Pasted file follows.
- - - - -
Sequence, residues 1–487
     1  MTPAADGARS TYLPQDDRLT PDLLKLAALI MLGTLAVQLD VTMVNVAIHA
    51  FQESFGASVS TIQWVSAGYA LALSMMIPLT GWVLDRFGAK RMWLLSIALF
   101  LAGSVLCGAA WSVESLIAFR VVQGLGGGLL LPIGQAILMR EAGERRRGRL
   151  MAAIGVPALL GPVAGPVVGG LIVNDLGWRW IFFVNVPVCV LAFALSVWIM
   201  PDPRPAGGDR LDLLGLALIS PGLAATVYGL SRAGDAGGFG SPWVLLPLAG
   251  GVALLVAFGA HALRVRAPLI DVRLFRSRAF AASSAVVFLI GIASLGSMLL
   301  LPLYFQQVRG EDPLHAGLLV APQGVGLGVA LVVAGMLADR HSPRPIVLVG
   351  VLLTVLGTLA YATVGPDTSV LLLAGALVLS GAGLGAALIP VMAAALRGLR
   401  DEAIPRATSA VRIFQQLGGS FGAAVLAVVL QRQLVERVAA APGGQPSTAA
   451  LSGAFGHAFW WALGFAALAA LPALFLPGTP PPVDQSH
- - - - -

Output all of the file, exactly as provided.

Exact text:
Sequence, residues 1–487
     1  MTPAADGARS TYLPQDDRLT PDLLKLAALI MLGTLAVQLD VTMVNVAIHA
    51  FQESFGASVS TIQWVSAGYA LALSMMIPLT GWVLDRFGAK RMWLLSIALF
   101  LAGSVLCGAA WSVESLIAFR VVQGLGGGLL LPIGQAILMR EAGERRRGRL
   151  MAAIGVPALL GPVAGPVVGG LIVNDLGWRW IFFVNVPVCV LAFALSVWIM
   201  PDPRPAGGDR LDLLGLALIS PGLAATVYGL SRAGDAGGFG SPWVLLPLAG
   251  GVALLVAFGA HALRVRAPLI DVRLFRSRAF AASSAVVFLI GIASLGSMLL
   301  LPLYFQQVRG EDPLHAGLLV APQGVGLGVA LVVAGMLADR HSPRPIVLVG
   351  VLLTVLGTLA YATVGPDTSV LLLAGALVLS GAGLGAALIP VMAAALRGLR
   401  DEAIPRATSA VRIFQQLGGS FGAAVLAVVL QRQLVERVAA APGGQPSTAA
   451  LSGAFGHAFW WALGFAALAA LPALFLPGTP PPVDQSH